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The Islamist movement that threatens Judeo-Christian western culture can be viewed in one of two ways: as a fundamentalist, misguidedly pious religious phenomenon that appeals to a wide swath of the Muslim masses, or as a calculated, cynical attempt to grab both the power and wealth that the West holds — orchestrated by an Islamic elite who don’t actually care about the finer points of the Quran or Sharia law, except when either might serve to further their overall purpose. The important difference between the way that George W. Bush approached the problem of radical Islam and the manner in which Barack Obama deals with the issue – or claims to be trying to deal it – involves these two different points of view.
At various instances during his terms in office Bush tried, mostly in vain, to find and deal with moderates among Islamic leadership, hoping to thus isolate extremist leaders and their radical, fundamentalist followers. It was a flawed vision, but an appealing one, for it attacked the problem at a grass roots level. If radical Islam is primarily a political phenomenon then it should be possible to separate radical organizations like the Taliban, al Qaeda and Hamas from ordinary moderate Muslims who reject fundamentalist dogma and instead blend secular values in with their theology in the western style. That’s a tough road to take, especially given the lack of any meaningful educational system in the modern sense in the Muslim world. Yet, in Iraq the majority of a relatively educated populace (by Islamic-state standards anyway) did indeed reject the radicals in their midst once coalition forces provided the kind of security needed to allow the Iraqi people to take charge of their lives in safety.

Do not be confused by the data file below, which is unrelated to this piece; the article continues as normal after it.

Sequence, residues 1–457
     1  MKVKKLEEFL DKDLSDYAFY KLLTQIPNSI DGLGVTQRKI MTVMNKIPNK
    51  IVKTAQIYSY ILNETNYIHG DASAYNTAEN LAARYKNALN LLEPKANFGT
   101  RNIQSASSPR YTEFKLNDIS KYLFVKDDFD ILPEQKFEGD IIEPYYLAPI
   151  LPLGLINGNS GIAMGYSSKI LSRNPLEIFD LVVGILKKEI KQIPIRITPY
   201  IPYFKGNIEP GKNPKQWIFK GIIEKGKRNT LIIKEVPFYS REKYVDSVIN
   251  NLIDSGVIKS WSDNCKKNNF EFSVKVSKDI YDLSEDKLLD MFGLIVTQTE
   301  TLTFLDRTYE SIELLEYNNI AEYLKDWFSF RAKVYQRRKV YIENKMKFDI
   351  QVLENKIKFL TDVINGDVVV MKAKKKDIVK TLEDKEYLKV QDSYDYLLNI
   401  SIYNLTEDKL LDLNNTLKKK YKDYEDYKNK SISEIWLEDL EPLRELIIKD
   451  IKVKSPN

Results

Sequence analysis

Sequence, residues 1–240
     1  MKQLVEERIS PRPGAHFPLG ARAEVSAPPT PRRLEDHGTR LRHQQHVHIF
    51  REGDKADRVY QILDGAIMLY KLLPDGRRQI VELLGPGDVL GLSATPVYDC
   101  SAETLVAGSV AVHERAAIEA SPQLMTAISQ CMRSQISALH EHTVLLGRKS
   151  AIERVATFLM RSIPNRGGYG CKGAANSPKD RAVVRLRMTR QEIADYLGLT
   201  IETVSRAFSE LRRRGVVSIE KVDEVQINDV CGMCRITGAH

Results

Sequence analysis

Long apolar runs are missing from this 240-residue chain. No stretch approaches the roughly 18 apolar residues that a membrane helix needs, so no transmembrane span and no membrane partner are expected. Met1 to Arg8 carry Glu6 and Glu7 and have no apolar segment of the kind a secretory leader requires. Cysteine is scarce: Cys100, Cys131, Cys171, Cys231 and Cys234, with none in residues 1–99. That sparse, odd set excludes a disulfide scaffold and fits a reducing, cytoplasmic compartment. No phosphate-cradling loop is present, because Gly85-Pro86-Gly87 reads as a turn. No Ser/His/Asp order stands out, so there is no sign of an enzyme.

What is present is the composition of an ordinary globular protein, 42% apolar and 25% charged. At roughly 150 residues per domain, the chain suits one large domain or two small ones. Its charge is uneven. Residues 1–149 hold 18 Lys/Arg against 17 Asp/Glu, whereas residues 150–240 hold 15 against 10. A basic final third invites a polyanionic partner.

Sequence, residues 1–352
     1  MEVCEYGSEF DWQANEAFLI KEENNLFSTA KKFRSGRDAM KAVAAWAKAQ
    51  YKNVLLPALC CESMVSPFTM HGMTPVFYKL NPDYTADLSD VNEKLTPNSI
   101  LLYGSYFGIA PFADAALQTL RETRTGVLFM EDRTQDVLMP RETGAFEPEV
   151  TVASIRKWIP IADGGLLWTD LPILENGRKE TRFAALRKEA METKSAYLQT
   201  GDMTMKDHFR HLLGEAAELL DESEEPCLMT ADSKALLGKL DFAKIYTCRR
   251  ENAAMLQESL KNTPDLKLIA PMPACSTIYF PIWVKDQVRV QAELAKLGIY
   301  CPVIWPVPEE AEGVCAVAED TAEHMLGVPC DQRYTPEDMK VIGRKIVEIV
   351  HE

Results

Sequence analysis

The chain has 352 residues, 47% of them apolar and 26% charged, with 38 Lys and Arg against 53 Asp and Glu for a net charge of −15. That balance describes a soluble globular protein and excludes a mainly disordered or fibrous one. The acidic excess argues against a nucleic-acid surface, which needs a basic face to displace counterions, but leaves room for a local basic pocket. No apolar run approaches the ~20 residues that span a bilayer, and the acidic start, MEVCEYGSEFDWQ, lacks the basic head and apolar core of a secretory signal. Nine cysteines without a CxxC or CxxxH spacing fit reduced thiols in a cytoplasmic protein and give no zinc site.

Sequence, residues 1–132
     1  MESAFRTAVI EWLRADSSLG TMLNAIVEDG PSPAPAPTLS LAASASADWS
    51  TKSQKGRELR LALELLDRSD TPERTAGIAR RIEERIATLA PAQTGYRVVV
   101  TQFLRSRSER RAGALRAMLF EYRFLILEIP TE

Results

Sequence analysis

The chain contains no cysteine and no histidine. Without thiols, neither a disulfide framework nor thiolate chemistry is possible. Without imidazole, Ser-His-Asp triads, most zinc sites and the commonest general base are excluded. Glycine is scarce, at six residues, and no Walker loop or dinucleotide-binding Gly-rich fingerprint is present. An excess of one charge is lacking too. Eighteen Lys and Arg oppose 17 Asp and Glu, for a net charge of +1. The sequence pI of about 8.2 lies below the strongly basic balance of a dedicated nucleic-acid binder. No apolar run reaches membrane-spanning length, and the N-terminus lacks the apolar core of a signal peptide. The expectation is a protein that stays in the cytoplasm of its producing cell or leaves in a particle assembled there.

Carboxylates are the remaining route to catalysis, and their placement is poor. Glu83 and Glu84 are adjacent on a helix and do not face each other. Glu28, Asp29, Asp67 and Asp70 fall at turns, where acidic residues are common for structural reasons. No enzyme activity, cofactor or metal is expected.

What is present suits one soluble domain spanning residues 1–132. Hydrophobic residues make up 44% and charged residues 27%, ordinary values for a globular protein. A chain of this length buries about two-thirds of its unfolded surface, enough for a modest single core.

Barack Obama, on the other hand, has effectively abandoned any hope of cultivating a moderate, secularlist Islam that might counterbalance the fundamentalist, radical variety. Given the ever-increasing power and influence of the extremists, even in a nation like Turkey that we once thought of as the model of a “moderate Muslim” state, the president’s approach is more realistic than Bush’s utopian visions. Moderate Muslims, cowed by the murderous fanatics who infect Islam throughout the globe, were never of much use in the war on terror anyway and aren’t likely to be in the future. In a practical sense, Obama’s policies reflect the reality that Islam cannot be reformed in any meaningful sense. But his reaction to that reality has been to try to appease the extremists rather than rendering them harmless. It’s a strategy that merely emboldens radical Muslims, who are thus convinced more than ever that the West lacks the stomach to see this war through.
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